What Phosphate Mining Spills Do to Drinking Water

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A phosphate mine tailing pile taken in the Southern Coastal Plain Ecoregion, Florida
(Credit: No name provided, USGS. Public domain, no endorsement)

By Stephen Venneman, Staff Writer for Save The Water™  May 21, 2019

Although phosphate mining’s industry leaks from massive, radioactive waste threaten to pollute the Floridian Aquifer, the aquifer is one of the most productive in the world. In fact, the Floridian Aquifer provides drinking water throughout Florida as well as parts of Alabama, Georgia, and South Carolina.1 Between 2016 and 2019, two spills of radioactive waste from industrial sites endangered these waters. What do these two sites have in common? Both are owned by Mosaic Company, one of the world’s leading producers of in-demand chemicals used in fertilizers around the world.3  Above all, however, there are five actions you can take to help keep water safe.

Phosphate Mining in Florida: Radioactive Mountains

Florida leads the nation in phosphate mining. In fact, the majority of the state’s 27 mines are located in a 1.3 million acre area known as Bone Valley, which is about 30 miles outside Tampa. At these sites, sulfuric acid is applied to phosphoric ore, which converts to phosphoric acid.4 The process releases small amounts of uranium and radium, called phosphogypsum.

The Environmental Protection Agency (EPA) considers phosphogypsum to be radioactive. As a result, EPA requires that mining companies store it in above-ground stacks to prevent radon gas as well as uranium and radium, which are known to cause cancer and other health problems, from seeping into the environment.2

Simply put, these stacks are mountains of phosphogypsum, typically with a 40-to 80-acre pool of acidic water at the top. The mining process has generated enough phosphogypsum for 25 or more man-made mountains. This amounts to more than a billion tons of waste. But the stakeholders, including the industry and local communities, have no long-term solution for what to do with it all. The radioactive liquid could enter an aquifer and contaminate a city’s drinking water. If it does, the health hazards include kidney damage as well as an elevated risk of developing cancer–and, in extreme cases, death.5

Calling a Spade a Spade: Call a Spill a Spill in Phosphate Mining

In 2016, a storage tank at a fertilizer plant in Mulberry, Florida leaked wastewater. The leak dumped 215 million gallons of water polluted with acidic phosphogypsum into the aquifer. Later, in 2019, a fertilizer plant in Louisiana reported that a 300-acre, 200-foot high mountain of gypsum, a mineral used in fertilizers as well as blackboard chalk, was slumping. In other words, the gypsum pile threatens to spill 700 million gallons of acidic water into the environmentally-sensitive Blind River and the Maurepas Swamp in Louisiana.2

Mosaic Company owns both of these sites. But Mosaic Company is not the only company doing phosphate mining in the United States. Certainly, many mining companies across the country have long records of environmental degradation and apparent disregard for public health. You can read more about some of that in Publishing Director April Day’s Save the WaterTM article Phosphate Mining and Public Consultation: This Land is My Land for Mining.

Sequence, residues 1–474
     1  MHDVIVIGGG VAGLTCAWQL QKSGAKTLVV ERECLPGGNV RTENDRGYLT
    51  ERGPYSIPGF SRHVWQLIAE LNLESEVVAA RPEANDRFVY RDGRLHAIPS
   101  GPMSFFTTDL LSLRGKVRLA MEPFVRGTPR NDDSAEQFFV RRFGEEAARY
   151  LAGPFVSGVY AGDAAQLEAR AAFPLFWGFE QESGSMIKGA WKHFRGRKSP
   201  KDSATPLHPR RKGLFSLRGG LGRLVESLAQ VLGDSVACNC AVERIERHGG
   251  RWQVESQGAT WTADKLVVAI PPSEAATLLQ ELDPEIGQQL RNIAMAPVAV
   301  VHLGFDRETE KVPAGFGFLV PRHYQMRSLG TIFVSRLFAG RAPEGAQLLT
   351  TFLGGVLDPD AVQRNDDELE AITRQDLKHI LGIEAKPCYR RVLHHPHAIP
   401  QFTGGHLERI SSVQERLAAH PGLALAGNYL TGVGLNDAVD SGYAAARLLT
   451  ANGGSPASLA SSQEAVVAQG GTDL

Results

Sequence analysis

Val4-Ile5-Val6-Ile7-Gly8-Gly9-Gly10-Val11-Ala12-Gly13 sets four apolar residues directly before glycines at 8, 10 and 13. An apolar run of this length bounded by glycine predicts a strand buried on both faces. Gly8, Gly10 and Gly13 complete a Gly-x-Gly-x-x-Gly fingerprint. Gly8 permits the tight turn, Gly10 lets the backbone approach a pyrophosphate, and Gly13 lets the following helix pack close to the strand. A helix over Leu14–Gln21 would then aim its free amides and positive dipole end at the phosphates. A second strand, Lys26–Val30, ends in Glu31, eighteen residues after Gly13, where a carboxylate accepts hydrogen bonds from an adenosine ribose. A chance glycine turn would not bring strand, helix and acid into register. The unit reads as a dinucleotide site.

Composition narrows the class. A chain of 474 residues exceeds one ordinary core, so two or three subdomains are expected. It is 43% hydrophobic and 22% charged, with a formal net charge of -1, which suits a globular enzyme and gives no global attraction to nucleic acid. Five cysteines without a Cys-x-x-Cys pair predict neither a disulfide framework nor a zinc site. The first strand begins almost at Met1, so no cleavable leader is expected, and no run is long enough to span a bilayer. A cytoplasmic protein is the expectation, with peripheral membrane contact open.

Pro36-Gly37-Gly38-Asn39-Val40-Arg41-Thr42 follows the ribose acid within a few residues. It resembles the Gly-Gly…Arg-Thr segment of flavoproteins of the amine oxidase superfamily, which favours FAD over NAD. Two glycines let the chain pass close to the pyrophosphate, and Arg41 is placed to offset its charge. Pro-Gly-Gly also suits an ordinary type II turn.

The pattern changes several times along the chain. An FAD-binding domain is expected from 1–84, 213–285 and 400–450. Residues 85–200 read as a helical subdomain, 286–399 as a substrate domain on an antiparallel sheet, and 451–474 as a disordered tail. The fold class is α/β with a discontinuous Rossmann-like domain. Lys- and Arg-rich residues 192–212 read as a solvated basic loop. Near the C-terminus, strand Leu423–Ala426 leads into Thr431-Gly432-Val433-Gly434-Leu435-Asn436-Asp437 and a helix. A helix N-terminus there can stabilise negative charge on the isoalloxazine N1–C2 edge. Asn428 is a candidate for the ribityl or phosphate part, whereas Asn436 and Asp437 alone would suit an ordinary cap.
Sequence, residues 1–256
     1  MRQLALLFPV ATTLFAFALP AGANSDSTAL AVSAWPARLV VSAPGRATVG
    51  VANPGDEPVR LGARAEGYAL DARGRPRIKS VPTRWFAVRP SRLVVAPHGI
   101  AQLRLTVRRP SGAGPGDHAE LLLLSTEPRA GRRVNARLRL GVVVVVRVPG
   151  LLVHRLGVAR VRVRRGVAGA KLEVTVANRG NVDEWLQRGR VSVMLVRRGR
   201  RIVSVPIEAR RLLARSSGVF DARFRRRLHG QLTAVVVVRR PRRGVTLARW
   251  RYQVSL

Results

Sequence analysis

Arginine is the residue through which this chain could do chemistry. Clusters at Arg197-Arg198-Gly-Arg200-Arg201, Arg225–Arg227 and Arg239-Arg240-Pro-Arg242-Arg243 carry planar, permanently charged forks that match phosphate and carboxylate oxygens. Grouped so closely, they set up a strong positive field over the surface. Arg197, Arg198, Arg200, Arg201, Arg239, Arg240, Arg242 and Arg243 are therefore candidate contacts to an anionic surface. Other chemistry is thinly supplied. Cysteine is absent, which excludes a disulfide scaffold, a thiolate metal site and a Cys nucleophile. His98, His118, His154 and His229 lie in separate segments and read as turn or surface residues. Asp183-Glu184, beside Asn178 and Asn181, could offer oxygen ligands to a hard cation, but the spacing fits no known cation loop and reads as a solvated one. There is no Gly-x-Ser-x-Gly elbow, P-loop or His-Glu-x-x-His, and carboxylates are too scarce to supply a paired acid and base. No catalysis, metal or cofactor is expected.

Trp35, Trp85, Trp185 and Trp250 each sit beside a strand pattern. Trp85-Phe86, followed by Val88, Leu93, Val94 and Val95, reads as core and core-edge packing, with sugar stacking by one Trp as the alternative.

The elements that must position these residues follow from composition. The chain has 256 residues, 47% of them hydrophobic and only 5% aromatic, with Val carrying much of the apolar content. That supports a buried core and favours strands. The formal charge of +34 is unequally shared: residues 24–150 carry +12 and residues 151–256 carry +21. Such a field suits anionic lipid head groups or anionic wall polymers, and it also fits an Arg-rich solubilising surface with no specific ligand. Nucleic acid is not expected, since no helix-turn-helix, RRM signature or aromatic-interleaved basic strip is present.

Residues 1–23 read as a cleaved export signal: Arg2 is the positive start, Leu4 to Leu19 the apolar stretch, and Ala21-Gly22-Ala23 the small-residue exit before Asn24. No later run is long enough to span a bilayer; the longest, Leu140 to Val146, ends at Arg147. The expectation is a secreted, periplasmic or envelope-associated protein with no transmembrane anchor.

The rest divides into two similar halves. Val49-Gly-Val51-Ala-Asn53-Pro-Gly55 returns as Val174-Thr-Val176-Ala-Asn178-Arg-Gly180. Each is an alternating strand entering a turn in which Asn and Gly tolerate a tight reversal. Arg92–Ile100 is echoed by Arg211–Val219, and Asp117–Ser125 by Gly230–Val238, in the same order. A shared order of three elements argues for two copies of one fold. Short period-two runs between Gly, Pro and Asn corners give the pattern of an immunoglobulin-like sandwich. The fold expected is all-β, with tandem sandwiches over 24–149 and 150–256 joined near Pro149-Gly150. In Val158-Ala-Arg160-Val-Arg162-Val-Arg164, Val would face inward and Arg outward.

Most noteworthy, some mining company officials and state inspectors remain reluctant to call these events what they are: spills. For example, in the 2016 spill in Mulberry, Florida, state and company spokespersons waited ten days before even saying the word “spill.” In fact, they called the event a “spill” only after the stack was drained; by then, people could actually see the sinkhole. Even then, the public wasn’t notified until late September.6

Rather than asking, “what can we do better,” the phosphate mining industry keeps doing the same thing. Simply put, when a company won’t call a spill “a spill” for more than a week, the refusal delays the containment effort. Moreover, the tactic increases the chance that radioactive uranium could end up coming out of your kitchen sink. The delay isn’t necessary.

What You Can Do: 5 Things You Can Do Now

Here is a list of things you can do to help keep your drinking water safe:

  1. Get your city’s water quality report from the Public Works or Public Utility office.
  2. Conduct regular water tests every five years.
  3. Let your state representatives know water quality is important to you.
  4. Let your city planners, zoning offices, and City Council know water quality is important to you.
  5. Get informed and stay informed. Follow Save The WaterTM on social media.

References

  1. Kevin Byrne. September 21, 2016. “Contaminated water seeps into Florida aquifer after giant sinkhole opens at Mosaic plant.” Accuweather. https://www.accuweather.com/en/weather-news/contaminated-water-seeps-into/60143695
  2. Mark Schleifstein. January 29, 2019. “Acid water atop slumping Uncle Sam gypsum pile threatens swamps.“ The Times-Picayune. https://www.nola.com/environment/2019/01/acid-water-atop-slumping-uncle-sam-gypsum-pile-threatens-swamps.html
  3. “Who We Are.” Mosaic Company. http://www.mosaicco.com/Who_We_Are/overview.htm
  4. Jaclyn Lopez. September 19, 2016. “Column: It’s time to rein in Florida’s phosphate strip mining.” Tampa Bay Times. https://www.tampabay.com/opinion/columns/column-its-time-to-rein-in-floridas-phosphate-strip-mining/2294257
  5. National Center for Environmental Health. October 26, 2016. “Drinking Water.” U.S. Department of Health and Human Services. https://ephtracking.cdc.gov/showUraniumHealth
  6. Craig Pittman. April 26, 2017. “The clock is ticking on Florida’s mountains of hazardous waste.” Sarasota Magazine. https://www.sarasotamagazine.com/articles/2017/4/26/florida-phosphate

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